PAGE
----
How have I never been asked this question before! Yes! I love the business side of the industry so much, and I really think streamers are in a fantastic position to start their own businesses. I think the statistic is.. only 1% of streamers made over 20k in 2016? Of course those numbers will change a little for 2018, but its obvious that these people need to make more money. Not only do streamers work INSANELY hard and do the job of 5 people, they are also new media celebrities.

Popular content creators are basically the same as Hollywood actors in the 1920s, and the rest of the world will catch onto that eventually. They deserve more money. However, leveraging an audience to create a business can be difficult if you don’t have experience in it, because any good streamer wants to maintain that intimacy with their community, and a lot of streamers just don’t have the time to focus on anything other than their stream. So finding time to work on a business can be really hard. But I do think its the best thing to do if you want a stable income for your future and a better chance of longevity in the community.

I think my best tip would be: Create a business based on the value you are already giving your audience. Are you funny? Honest? Meme-y? Why do people watch you? What do you love that is a staple in your community? When you know your value, you can start thinking of products or services that fit that value. This has a higher chance of resonating with your already established audience, because you are giving them an opportunity to deepen their relationship with you. Think about Broman, Gothalion, and everyone selling coffee at Kings Coast. They have done a fantastic job.

Wait! Were you asking how to take your streaming more seriously? LOL!

In that case, if you want to take streaming more seriously and turn your content into a full-time income for yourself, you need to have a rock solid foundation. So many people want to skip the foundation work and start reaching out to sponsors, but if you can’t be consistent, grow a community, be charismatic on camera for hours at a time, those people aren’t going to want to work with you and help you pay your bills anyways. Get really good at being consistent, entertaining, and learning to network/market yourself before you go to the next level.

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Yes! Instagram is so under-used, and a lot of the people who actually do use it, aren’t using it well. Our community needs to learn about the algorithm and the importance of aesthetic. Aesthetic on social media in general is just huge, so take better photos! If you aren’t trying to make your stuff look good, or you’re adding a bunch of small streamer hashtags to the mix, you are doing it wrong!

Also, where are the Facebook Ads for Twitch streamers?

I love Mixer’s “Up and Coming” section of their website. They do a fantastic job at making streamers of all sizes feel welcome and noticed in their community. I’d love to see Twitch implement something like that. I’ve heard some rumors about it happening, so hopefully those come true.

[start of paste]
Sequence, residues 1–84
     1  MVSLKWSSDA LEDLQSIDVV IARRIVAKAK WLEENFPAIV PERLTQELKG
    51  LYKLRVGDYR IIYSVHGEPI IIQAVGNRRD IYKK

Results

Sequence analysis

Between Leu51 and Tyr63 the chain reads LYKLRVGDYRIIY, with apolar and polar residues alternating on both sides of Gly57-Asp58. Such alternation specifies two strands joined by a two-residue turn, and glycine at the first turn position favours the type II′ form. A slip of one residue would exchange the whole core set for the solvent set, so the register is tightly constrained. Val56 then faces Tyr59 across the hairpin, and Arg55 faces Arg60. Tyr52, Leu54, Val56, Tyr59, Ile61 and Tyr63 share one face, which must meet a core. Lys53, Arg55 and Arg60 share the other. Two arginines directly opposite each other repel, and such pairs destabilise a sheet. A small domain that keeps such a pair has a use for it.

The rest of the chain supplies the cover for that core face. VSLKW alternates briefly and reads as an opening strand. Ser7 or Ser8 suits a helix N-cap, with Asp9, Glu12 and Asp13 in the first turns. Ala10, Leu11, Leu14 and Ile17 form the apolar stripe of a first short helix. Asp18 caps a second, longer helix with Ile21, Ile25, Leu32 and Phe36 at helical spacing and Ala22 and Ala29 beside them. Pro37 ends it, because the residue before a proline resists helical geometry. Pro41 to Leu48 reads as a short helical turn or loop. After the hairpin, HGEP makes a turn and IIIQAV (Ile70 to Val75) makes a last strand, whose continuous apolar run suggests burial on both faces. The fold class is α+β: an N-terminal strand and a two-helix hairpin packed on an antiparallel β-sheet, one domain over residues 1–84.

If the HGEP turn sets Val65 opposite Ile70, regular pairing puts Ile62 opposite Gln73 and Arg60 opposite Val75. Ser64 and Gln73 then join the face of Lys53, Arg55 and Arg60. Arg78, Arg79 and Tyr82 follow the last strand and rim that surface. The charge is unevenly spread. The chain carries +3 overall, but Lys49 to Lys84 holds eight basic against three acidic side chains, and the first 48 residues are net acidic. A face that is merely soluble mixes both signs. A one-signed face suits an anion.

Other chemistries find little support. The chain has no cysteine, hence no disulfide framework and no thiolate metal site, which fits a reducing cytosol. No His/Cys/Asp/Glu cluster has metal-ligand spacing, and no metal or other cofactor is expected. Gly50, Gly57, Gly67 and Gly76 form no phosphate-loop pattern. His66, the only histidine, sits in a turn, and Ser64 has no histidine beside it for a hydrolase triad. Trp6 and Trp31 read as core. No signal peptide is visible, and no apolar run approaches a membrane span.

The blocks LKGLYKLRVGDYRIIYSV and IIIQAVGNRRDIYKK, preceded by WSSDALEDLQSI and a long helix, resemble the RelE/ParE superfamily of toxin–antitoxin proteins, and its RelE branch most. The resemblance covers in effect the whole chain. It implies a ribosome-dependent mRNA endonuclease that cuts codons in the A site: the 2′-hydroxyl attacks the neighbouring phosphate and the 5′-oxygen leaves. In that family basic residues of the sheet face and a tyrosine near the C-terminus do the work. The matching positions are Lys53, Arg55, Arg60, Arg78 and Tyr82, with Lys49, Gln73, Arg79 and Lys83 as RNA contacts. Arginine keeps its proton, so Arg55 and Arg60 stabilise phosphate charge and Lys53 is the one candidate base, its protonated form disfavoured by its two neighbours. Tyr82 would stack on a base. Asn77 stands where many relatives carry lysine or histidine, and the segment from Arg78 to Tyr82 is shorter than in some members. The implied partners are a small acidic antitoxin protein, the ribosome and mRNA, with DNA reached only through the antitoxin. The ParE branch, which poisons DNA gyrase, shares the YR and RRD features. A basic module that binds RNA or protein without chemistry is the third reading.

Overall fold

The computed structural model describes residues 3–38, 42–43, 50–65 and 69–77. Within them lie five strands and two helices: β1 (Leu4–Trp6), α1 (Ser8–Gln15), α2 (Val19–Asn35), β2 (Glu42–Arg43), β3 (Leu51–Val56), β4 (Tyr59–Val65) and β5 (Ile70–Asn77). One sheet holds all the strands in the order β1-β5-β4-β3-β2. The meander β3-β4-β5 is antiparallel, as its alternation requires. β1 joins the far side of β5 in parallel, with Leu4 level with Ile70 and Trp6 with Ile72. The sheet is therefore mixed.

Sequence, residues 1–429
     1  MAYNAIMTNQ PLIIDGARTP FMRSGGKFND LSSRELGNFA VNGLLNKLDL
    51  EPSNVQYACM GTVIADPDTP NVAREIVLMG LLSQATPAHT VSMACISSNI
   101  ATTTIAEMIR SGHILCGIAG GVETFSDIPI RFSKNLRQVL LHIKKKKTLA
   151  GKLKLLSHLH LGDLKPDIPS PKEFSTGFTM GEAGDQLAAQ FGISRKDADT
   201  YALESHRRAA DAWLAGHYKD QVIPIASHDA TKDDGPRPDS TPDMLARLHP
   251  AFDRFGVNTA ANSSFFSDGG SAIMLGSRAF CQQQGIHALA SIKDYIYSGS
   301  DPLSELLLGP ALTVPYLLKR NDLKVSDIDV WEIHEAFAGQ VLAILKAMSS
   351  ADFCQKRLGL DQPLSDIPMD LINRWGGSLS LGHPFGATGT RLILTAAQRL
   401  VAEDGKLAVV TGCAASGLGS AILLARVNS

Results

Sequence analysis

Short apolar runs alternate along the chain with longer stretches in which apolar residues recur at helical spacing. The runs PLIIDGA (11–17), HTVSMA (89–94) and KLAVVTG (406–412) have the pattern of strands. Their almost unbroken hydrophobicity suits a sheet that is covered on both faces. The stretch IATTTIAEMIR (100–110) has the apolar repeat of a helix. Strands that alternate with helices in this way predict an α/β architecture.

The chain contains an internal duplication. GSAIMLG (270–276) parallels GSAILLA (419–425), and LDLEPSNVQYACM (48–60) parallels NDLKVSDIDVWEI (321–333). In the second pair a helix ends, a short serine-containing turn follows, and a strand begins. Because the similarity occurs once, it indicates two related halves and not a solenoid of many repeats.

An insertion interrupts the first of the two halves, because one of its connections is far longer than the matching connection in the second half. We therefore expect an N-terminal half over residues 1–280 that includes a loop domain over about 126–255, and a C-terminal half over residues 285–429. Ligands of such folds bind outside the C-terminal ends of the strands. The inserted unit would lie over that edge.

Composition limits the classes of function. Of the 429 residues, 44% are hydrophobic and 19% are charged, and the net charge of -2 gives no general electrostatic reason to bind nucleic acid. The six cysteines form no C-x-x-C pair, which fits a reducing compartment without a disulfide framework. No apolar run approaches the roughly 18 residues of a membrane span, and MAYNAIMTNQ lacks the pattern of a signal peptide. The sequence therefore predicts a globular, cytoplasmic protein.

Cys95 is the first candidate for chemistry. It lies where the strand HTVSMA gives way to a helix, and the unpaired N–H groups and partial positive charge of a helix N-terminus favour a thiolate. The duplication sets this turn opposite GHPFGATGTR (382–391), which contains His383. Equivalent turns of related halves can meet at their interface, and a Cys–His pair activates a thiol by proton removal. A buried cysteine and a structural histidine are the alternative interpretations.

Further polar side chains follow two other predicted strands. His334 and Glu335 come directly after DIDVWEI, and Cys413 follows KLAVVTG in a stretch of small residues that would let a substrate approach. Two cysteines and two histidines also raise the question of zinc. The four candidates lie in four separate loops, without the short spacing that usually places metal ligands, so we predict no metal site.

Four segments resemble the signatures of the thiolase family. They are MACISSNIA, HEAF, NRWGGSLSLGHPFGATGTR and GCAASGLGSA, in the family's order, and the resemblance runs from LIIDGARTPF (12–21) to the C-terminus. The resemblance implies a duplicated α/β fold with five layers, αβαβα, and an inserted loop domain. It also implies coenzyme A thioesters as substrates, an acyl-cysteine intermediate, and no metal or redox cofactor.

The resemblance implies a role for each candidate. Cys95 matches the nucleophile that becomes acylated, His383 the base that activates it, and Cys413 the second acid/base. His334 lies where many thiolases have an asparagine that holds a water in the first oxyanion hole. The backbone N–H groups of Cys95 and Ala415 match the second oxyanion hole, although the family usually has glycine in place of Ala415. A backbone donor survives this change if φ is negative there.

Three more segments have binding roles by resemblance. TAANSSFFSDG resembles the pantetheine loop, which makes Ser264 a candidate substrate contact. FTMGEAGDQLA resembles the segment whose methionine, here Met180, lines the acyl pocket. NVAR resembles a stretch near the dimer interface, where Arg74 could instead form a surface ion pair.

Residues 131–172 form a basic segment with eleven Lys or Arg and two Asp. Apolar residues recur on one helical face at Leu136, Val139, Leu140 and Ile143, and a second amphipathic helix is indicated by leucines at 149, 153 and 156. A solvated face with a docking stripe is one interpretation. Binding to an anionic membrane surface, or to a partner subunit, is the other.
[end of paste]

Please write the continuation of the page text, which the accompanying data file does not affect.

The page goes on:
Also, co-streaming on Twitch should be much easier and aesthetic. It would be so neat to see 2 streams on one page, integrated chats, right on Twitch. Mixer does this one too — Mixer is a great platform!

I love watching the people I’ve interviewed for my podcast. It feels like I am watching my friends.

Right now I’m loving Kate, Cahlaflour, KittyPlays, and the streamers in my community. I try to stop by as often as I can, but I don’t have a lot of time to watch lately.

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In my professional life, I have some pretty scary goals, some of which I can’t say here. I’d love to create a few online courses, write a few ebooks, write a real book or two, start speaking at events, host my own events, and turn Stream Coach (my coaching services) into a legitimate business. I want all of these things to revolve around helping streamers.

In my personal life, I want to travel more. I just got back from the Bahamas and I am itching for my next adventure!

Thanks for chatting with us Ashnichrist!

I know this took almost 2 hours for her to complete… so let’s all go follow her on Twitter, Subscribe on YouTube and check out her Patreon!

The Stream Coach Podcast:

You can find out more about us here:

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⚡❤

The Emergence

The Emergence is a streaming education, guides & tutorial…

Mark Longhurst

Written by

Gaming, podcasting and social media - founder of The Emergence | theemergence.co.uk

The Emergence

The Emergence is a streaming education, guides & tutorial website. We are dedicated to teaching content creators everything they need to know to help them start or grow their streaming journey. ⚡

Mark Longhurst

Written by

Gaming, podcasting and social media - founder of The Emergence | theemergence.co.uk

The Emergence

The Emergence is a streaming education, guides & tutorial website. We are dedicated to teaching content creators everything they need to know to help them start or grow their streaming journey. ⚡